If you’ve been working with computers prior to “the cloud”, it’s very easy to have your behavior default to saving your files to your local hard drive or a file share. However, now with SharePoint Online and OneDrive, doing that limits the opportunities you have to work with the files in new and collaborative ways. Instead, start creating and saving your files directly to SharePoint document libraries or your OneDrive space. Here’s how that works…
First off, it’s good to remember that OneDrive = Me and SharePoint = We. Your OneDrive area is meant for files that belong to you, or files that you are working on before sharing them to a wider audience. SharePoint is meant for files that belong to or are shared with a larger group of people:
Things stored in your OneDrive area could be deleted if you leave the company, so you don’t want to store content there that is used by a large group of people and would be difficult to replace if you left.
When you are creating new content, you can either create it directly in SharePoint or OneDrive, or you can upload it if you did create it on your local hard drive:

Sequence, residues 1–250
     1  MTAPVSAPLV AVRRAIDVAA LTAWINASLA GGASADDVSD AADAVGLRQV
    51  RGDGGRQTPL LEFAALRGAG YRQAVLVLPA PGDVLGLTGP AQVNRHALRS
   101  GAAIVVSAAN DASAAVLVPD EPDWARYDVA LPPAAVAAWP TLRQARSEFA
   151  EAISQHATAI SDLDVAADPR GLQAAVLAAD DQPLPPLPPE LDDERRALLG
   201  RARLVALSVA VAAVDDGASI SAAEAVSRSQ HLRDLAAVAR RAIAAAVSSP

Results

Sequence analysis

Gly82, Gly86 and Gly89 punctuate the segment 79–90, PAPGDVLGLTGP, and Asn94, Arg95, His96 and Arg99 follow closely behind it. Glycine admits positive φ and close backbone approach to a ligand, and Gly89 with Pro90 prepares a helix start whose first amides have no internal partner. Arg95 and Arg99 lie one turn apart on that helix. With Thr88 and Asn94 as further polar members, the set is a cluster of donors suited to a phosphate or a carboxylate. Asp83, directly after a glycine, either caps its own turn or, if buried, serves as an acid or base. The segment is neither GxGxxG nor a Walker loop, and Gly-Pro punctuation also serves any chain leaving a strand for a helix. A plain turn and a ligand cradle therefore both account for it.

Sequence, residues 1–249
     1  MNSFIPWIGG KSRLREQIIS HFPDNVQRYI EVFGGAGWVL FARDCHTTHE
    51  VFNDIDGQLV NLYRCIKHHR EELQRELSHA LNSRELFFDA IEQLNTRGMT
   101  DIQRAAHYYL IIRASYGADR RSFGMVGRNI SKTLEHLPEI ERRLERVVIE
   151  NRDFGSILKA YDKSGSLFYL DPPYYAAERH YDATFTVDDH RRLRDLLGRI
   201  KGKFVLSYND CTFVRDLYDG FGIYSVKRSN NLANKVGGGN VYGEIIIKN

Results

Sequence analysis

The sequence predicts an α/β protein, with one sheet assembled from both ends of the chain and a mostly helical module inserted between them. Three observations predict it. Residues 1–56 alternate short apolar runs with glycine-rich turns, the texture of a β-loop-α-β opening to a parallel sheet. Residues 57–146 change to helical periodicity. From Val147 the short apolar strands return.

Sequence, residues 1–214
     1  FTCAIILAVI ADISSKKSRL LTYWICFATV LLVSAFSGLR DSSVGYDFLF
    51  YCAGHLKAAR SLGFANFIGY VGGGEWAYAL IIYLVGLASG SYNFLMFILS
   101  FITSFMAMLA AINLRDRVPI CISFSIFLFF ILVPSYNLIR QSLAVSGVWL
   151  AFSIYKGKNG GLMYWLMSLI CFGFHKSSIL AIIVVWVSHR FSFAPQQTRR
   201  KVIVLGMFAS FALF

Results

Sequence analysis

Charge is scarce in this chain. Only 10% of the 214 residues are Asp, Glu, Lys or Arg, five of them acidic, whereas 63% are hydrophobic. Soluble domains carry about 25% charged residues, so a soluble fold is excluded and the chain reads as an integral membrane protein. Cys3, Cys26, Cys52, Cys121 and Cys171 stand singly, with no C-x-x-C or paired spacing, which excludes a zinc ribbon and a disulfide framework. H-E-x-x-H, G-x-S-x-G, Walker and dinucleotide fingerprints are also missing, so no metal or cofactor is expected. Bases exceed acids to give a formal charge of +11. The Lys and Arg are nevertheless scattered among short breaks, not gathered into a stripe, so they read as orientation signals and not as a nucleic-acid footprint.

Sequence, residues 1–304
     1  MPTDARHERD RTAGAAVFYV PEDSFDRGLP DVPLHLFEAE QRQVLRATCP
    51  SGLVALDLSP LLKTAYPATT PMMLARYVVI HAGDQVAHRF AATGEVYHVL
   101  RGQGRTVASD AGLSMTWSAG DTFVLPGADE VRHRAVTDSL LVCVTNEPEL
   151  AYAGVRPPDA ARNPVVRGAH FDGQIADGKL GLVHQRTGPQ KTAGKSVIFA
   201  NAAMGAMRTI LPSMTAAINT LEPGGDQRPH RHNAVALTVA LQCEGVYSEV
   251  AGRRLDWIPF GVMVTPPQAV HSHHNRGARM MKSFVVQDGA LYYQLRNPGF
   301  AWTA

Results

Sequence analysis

If you started a new file, such as a Word document, you can easily save it directly to SharePoint or OneDrive:
If you select OneDrive, you’ll see a list of the folders you have in OneDrive on the right side of the screen, and you can select an existing folder to save your file into:
By selecting SharePoint Sites, you’ll see a list of your frequently used SharePoint sites, as well as any sites you follow:
And if you select one of those site, it will drill down and show you all the document libraries in that site that you can save a document to:
So… why should you take the extra step to save it to SharePoint or OneDrive? Well, next week we’ll talk about how you can have multiple people collaborate and edit a file at the same time. But to do that, you need to have the file stored on either SharePoint or OneDrive. Getting into the habit of storing your files in the cloud will make it easier to start taking advantage of those collaboration features.
Oh, and by storing your files in SharePoint or OneDrive, you get other features like versioning. 🙂
Finally, here are some short videos that talk about saving your files in SharePoint and OneDrive: